• Product Management:they should have 30 years experience in our industry but be up to date on all the modern stuff.  They need to be an architect and product expert.
  • Development: they need to be able to write code in order to customize our great platform.
  • Support: they need to be an expert on reading logs and handling customer escalations.  The SE team owns troubleshooting first.
If you were to interview your cross functional stake holders you may feel it is impossible to give them all what they want:
With that in mind I am sharing a recent definition that was created as a result of lessons learned from my last few places of employment.  It may not fit your specific needs but ideally it gives you a starting point and something to reuse.

SE Leader Job Description

  • Voice of the Customer → Urgency, context, futures
  • Advisor to the Customer → Expectations, architecture, insight to peer companies, be a ‘challenger’, be ‘on stage’
  • Capability Building  → invest 10% of your resources to fixing and improving
    Is the Problem or Opportunity a Root Cause of a Symptom?

    • If something is broken in your area → I will consult/coach but you own it
    • If something is broken in 2+ areas → It is systemic and I will own fixing it
    • If something is working in 1 area → It is a best practice and I will own scale it 
  • People → Hiring, Enabling, Empowering, Engaging, Accountability

SE Leader Capabilities Weighting

  • 25% Leadership and Capability Building (Team, X-Func)
  • 20% Technology & Architecture Fundamentals
  • 20% Company Culture Fit  + SE Fit (Curiosity, Drive, Ethics)
  • 15% Communication & Presentation (Own the Room)
  • 10% Organized & Disciplined
  • 10% Business Acumen

Leadership & Capability Building

The #1 responsibility of an SE Leader is hiring, building, and retaining a world class team and a system to sustain it.

  • Ability to hire exceptional talent
  • Ability to lead and develop talent to meet business plan
  • Demonstrated ability to scale an organization
  • Ability to demonstrate a “people play book” or a framework of how to get the best out of people
  • Required Control Book/Playbook for structure
  • Can name three strong hires that will follow him/her to this company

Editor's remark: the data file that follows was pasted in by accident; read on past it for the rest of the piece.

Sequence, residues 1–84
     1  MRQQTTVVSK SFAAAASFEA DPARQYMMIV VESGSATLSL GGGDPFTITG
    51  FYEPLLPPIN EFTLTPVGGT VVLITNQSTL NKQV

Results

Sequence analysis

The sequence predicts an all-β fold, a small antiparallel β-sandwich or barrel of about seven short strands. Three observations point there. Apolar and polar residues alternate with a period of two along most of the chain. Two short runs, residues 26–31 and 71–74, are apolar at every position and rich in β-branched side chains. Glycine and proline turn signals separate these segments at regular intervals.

• Can lead cross functionally through influence not authority to improve processes, product, and other areas of need
  • Can hire and lead a diverse team (background, experience levels, personalities)

Technology & Architecture Fundamentals

The SE Leader cannot just be a spreadsheet manager building and operating the team.  They must lead from the front.  Note that this does not mean they should be a Super SE or Player Coach but rather that they fulfill the role of a technology executive/architect, i.e. has the technical depth to be relevant to a customer CIO/CTO/CISO.  They do not need to be a XYZ Tech expert but must have a strong foundation in one or more of the areas of networking, SaaS, web services software, or computer science.  The SE Leader is an Architect who can draw on their varied technical background to teach how all of the technologies in an Enterprise are connected and can be utilized to add value/transform business.

  • Understands current XYZ landscape and areas of XYZ technologies (Did they do their homework?)
  • Broad understanding of XYZ reference architectures and operation
  • Familiar with XYZ technologies
  • They win not by understanding their customers’ world as well as the customers know it themselves, but by actually knowing their customers’ world better than their customers know it themselves, teaching them what they don’t know but should.  Can they teach the interview panel something new?
  • Demonstrates the ability to explain and articulate complex architecture/technology in simple terms.

Company Culture Fit + SE Fit (Curiosity, Drive, Ethics)

The primary predictor of success for both an SE and an SE Leader is Curiosity, Drive, Ethics.